Nichelle Prince
Nichelle Prince

C’da falls to U.S. in women’s U-20 World Cup

By Admin Wednesday August 20 2014 in Sports
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In the inaugural International Soccer Federation (FIFA) Under-20 Women’s World Cup in Canada 12 years ago, the host country lost to the United States 1-0 in an exciting final decided in extra time.

 

Last Saturday, the neighbouring North American countries were knocked out in the quarter-finals in Toronto and Edmonton.

 

The Democratic People’s Republic of Korea (Korea DPR) bounced the United States on penalty kicks at BMO Field while Canada lost 2-0 to 2010 champions Germany, who was the runner-up to the United States in the last tournament two years ago in Japan.

 

Despite the exit, national coach Andrew Olivieri was pleased with his team’s showing.

 

“I would hope that Germany would realize that Canada does have a bright future,” he said. “There are some good players coming through. We had some young players on the pitch today that performed just as well as the good German squad.”

 

One of the players that impressed Olivieri was Ohio State striker Nichelle Prince who suffered a left thigh injury in the quarter-final and was replaced in the 16th minute with the game tied at nil-all.

 

“We have all seen how big she’s been for us with the energy and the goal threat that she brings, so it was difficult, but it was something we had to move on with,” he said. “It’s unfortunate that three or four minutes into a game, one of your players can’t go anymore.”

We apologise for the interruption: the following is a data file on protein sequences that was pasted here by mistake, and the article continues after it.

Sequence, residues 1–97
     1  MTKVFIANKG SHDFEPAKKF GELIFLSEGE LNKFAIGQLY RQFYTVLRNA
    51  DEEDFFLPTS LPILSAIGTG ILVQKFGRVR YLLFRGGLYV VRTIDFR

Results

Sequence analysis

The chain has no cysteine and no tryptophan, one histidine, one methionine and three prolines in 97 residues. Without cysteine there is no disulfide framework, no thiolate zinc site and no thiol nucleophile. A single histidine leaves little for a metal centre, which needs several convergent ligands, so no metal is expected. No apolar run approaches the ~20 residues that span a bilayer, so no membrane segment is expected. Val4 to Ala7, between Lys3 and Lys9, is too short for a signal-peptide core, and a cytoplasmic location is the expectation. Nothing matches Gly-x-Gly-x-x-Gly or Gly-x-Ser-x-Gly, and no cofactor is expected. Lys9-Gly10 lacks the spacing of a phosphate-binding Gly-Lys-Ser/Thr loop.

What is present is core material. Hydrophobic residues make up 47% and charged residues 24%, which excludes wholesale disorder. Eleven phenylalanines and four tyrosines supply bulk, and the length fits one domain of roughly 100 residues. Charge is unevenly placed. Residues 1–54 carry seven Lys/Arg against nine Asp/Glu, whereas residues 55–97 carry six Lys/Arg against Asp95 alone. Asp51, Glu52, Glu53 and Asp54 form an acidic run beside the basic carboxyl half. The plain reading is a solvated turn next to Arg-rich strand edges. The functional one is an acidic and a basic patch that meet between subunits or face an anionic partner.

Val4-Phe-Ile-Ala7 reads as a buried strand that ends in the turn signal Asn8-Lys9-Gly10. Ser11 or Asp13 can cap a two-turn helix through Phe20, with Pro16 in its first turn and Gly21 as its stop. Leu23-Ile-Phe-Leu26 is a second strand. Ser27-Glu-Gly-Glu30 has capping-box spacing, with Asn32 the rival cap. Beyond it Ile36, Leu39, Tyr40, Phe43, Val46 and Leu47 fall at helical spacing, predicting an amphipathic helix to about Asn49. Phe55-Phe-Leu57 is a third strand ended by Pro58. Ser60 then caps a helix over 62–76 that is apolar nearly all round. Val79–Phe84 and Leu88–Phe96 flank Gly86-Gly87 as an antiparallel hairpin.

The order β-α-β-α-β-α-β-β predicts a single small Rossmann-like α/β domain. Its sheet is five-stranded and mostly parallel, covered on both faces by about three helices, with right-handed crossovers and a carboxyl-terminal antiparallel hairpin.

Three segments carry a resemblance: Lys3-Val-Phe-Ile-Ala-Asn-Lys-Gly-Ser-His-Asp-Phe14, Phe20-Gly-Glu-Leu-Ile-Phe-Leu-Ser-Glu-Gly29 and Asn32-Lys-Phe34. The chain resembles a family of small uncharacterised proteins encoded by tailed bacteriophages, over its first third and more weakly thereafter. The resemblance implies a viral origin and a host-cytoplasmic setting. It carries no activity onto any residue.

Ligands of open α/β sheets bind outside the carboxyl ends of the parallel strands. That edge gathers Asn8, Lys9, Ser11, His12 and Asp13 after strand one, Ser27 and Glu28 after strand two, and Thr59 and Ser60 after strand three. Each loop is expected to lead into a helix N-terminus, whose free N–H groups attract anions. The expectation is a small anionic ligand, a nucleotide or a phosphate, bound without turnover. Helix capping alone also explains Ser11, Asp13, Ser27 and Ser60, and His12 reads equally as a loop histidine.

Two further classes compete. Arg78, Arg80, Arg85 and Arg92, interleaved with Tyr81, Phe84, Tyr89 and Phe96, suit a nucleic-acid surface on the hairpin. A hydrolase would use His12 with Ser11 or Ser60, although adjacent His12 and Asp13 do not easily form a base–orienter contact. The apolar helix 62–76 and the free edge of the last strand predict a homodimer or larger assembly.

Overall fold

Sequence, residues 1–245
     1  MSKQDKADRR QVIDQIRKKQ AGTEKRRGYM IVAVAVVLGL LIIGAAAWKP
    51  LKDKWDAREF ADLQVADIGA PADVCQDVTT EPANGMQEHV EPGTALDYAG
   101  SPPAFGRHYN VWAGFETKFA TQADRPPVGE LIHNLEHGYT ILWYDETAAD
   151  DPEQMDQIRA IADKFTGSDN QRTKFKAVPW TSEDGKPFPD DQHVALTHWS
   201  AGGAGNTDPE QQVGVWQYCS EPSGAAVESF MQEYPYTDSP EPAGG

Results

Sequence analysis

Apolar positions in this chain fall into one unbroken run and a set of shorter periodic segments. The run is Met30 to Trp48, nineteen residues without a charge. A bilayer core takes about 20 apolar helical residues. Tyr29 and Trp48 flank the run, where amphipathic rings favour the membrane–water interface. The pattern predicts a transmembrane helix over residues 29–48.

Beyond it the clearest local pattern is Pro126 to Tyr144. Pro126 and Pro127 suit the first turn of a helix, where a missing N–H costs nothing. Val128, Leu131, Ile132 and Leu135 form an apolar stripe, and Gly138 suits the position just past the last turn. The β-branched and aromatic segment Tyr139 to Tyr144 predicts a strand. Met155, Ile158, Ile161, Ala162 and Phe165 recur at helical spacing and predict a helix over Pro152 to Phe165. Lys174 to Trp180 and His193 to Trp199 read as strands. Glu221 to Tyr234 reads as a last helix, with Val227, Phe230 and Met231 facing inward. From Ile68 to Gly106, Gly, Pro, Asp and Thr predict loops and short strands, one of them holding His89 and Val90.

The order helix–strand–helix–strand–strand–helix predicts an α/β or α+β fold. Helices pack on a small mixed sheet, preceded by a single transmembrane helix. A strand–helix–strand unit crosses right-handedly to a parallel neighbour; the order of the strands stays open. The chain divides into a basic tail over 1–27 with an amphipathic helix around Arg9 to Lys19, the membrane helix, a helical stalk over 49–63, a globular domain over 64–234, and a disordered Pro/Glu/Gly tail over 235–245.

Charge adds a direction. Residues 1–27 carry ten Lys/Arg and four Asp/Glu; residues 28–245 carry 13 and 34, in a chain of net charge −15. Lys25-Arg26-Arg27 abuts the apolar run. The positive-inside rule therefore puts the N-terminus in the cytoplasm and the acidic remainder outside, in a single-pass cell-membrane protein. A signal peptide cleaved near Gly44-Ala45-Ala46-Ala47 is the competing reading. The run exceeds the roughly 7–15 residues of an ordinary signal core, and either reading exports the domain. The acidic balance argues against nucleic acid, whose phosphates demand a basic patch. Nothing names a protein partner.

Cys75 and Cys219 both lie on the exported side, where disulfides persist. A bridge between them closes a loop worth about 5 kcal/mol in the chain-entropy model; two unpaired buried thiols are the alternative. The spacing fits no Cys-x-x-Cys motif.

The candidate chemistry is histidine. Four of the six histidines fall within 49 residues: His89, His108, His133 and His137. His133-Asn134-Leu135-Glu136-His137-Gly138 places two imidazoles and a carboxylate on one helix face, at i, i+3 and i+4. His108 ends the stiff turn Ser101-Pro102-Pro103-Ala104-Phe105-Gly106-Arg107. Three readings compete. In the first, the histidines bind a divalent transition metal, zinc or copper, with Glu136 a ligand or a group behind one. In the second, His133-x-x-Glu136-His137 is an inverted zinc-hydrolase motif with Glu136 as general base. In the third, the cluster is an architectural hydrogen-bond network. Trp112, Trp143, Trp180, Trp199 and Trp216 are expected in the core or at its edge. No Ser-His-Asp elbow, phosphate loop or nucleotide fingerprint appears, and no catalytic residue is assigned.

After a disappointing 1-0 loss to Ghana in the opener, the Canadians bounced back with a come-from-behind 3-2 victory over Finland at BMO Field.

 

Down 2-0 at half-time, Canada scored twice in the first five minutes in the second-half and Prince netted the winning goal 10 minutes from the end.

 

A second half-substitute in the Ghana contest, Prince also had a strong match against Korea DPR in the final group contest in Montreal. Her assist, which led to Janine Beckie’s 65th minute goal, propelled Canada into the quarter-finals.

 

“We knew it wouldn’t be an easy match,” said Olivieri. “North Korea was all but qualified going into it, but we knew that they were going to be certain that they can play a very smart match which made it more difficult for us to win.”

 

Playing at home provided an opportunity for the Canadians to showcase their skills and talent in front of family members.

 

“Nichelle had a good tournament and she felt as if she let the team down when she had to leave the field early in the quarter-final against Germany,” said her father, Fabian Prince, who attended Canada’s four matches in Toronto, Montreal and Edmonton with other family members. “I was excited to see her play on a big stage and she acquitted herself very well. I am proud of her.”

 

Prince joined her Ohio State teammates in North Carolina last Sunday. The team plays its regular season opener tomorrow against Duke at Chapel Hill.

 

RON FANFAIR

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